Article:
Happy Belated Robbie Burns Day! Ach! I canna believe I missed it by exactly one week! So to make up for it, I present to you, the reader, one the most Scottish of bands out there, Biffy Clyro. And although their name is nae Scottish in origin, it's an impressively eccentric story nonetheless.
The Biffy boys come from Kilmarnock, East Ayrshire, and grew up on a steady diet of Metallica, Rush, Pixies and Fugazi.
The band name could only perceivably come from a small-town Scottish upbringing (which may or may not have included haggis). Courtesy of an interview with lead singer Simon Neil in Digital Spy...
"There's a famous British musician called Cliff Richard, and when me and [drummer] Ben [Johnston] were 13 and bored in our little Scottish town of Ayr, we'd think up imaginary Cliff Richard merch products.
"We thought of things like Cliff Richard coat hangers and Cliff Richard Jesus dolls - he's a big Christian singer. In the UK there's a cheap kind of pen called a Biro pen and we thought about making Cliff Richard Biro pens.
"We'd call them Cliffy Biros. Somehow that turned into Biffy Clyro. Bizarrely, we weren't high at the time. There's just not a lot to do in Ayr. The weather is terrible."
But even with that amazingly strange-yet-fascinating name, the band has become one of Europe's biggest, due in large part to their incendiary live act.
They haven't hit it big in North America yet, but with the new - and very very good - album, Ellipsis, and their love of touring, it'd be no surprise if if by the end of the year "Mon The Biff!" is reverberating in arenas and stadiums worldwide.
Warpaint. What comes to your mind when you hear that word? If you can't pin one particular idea down, you're in the same boat as the band Warpaint. Heck, when I first of the group, I thought they'd be a massive-sounding metal band or a intense hardcore punk outift. Wrongo.
Here's the band's multi-layered explanation of the name (courtesy of Don't Panic)...
Theresa: Yeah, it means all of that to us. Native Americans or indigenous tribes might put on warpaint for dance, for theatre, for battle and women do it today. You can have warpaint on and it's not even actual paint, it's an expression that guards you or expresses something.
Emily: I think we settled on that name ultimately because it's so open. It has double meanings or triple meanings.
Theresa: Yeah, it’s everything from being completely defensive to being completely open and expressing yourself. And we all liked it, we actually all agreed on something.
Here's some other things to like about the band:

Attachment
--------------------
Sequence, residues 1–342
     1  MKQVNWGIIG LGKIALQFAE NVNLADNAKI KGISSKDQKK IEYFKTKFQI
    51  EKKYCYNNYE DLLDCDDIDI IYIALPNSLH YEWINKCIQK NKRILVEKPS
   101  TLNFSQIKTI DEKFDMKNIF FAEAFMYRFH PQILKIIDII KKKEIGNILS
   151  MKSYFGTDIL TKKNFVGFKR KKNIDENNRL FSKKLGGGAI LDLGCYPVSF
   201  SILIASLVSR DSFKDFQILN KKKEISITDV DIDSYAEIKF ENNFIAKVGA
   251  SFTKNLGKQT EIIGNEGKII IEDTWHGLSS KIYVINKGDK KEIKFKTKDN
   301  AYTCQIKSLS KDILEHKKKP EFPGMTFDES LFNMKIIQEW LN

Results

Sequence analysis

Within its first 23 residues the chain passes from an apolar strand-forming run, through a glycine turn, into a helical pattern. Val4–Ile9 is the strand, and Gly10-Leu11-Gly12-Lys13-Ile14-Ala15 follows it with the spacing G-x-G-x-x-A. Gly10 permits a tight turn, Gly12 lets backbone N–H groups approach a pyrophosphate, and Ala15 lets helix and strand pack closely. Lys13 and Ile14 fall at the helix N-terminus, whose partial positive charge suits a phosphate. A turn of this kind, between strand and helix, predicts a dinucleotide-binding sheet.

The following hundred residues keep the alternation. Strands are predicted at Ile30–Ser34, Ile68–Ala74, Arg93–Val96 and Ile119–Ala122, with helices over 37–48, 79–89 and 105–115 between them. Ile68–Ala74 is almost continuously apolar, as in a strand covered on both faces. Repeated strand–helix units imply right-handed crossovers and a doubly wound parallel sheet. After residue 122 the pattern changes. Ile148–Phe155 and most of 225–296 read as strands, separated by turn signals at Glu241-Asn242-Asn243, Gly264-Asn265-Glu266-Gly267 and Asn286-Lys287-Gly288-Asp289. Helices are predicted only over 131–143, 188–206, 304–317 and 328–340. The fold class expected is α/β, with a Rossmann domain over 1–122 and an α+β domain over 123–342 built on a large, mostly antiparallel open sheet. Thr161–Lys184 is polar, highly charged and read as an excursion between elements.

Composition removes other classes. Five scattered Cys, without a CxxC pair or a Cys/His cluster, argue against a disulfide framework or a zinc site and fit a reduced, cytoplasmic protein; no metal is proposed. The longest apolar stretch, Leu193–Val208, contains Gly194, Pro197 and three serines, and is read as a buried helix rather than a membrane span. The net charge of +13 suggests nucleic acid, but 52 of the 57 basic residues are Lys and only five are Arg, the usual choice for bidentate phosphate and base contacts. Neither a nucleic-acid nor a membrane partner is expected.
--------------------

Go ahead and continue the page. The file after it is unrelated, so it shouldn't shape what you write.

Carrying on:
1) Their debut EP was produced by ex-Red Hot Chili Peppers guitarist John Fruisciante (solid pedigree right out of the gate - nice).
2) They have a theme song (or at least an eponymous song):
3) They have an immeasurable respect for pachyderms (sorta)...
4)... and they wear their DIY/punk-ethos hearts on their sleeves.
Sooooo... taking all of this into consideration, Warpaint is a great name for any band, especially for this one. Kudos, ladies.
Channeling the Eighties while name dropping the Roaring Twenties. Normally a band doing this would need some serious therapy. But Oxford, England's A Silent Film are doing alright, thank you very much.
The name came from a song by the same name the band wrote using a piano melody from Charlie Chaplin's The Kid.
You'd be thinking they'd have at least one ragtime ditty that someone could evade the coppers with, but no dice. Nope, these affable blokes have been possessed by the spirits of Unforgettable Fire-era U2, Tears For Fears, a-ha and Born to Run-vintage Bruuuce.
The driving beats, the hooky synths, the anthemic choruses... this band is anything but silent. The fact that two of their modern-day influences are The Killers and Coldplay are evidence enough of this.
It's a bit of a shocker, however, given all of the mashups out there, that there isn't a Chaplin clip spliced with one of the band's tunes. This hit would give Modern Times a driving urgency not considered before.
Siblings and rock n' roll. When combined they can become awesome, destructive, or both (awesomely destructive or destructively awesome - take your pick). With the Lemon Twigs, we're sending out good vibes.
In what seems to have been initially a placeholder handle , the Lemon Twigs name quickly became what the two eccentrically brilliant D'Addario brothers would go by in the music world.
They're one of those groups that almost defy defining. Or is it that they dare listeners to define them. Okay, Twigs - challenge accepted. The Lemon Twigs sound as though they travelled through time and assembled members of Wings, Big Star, T-Rex and The Beach Boys in their prime, kidnapping and bringing them back to present day to form a rock/pop supergroup. Kinda like what Bill and Ted did with the Wylde Stallions, only with less telephone booths, George Carlin and nary an utterance of of the word 'heinous'.
There we have it. My official first music review. Thank you, Lemon Twigs for your inspiration. And Rolling Stone... Pitchfork... I'm waiting for your call (or tweet, or DM, or smoke signal - whatever you'd like).
Just like the Key & Peele sketches about the names of football players, creative spelling can get you anywhere.
Take Seattle, Washington experimental noise/drone metal band SUNN O))), for example. Pronounced simply as 'Sun', the band name is a graphical representation of the logo of the famous SUNN amplifiers, which consists of the name SUNN, followed by a circle and three 'sun rays' fanning out to the right.
Stephen O'Malley (guitarist, composer and producer) has stated in several interviews that the SUNN O))) also is also related to drone music pioneers Earth. Stephen is also to have joked that the Sun revolves around the Earth. Ha-ha.
Another fun fact: SUNN O))) formerly went through life under the name Mars. This, plus their music does not prove that there's life on Mars, but merely that the band members probably indulge in some form of recreational-and-somewhat-herbal drug use.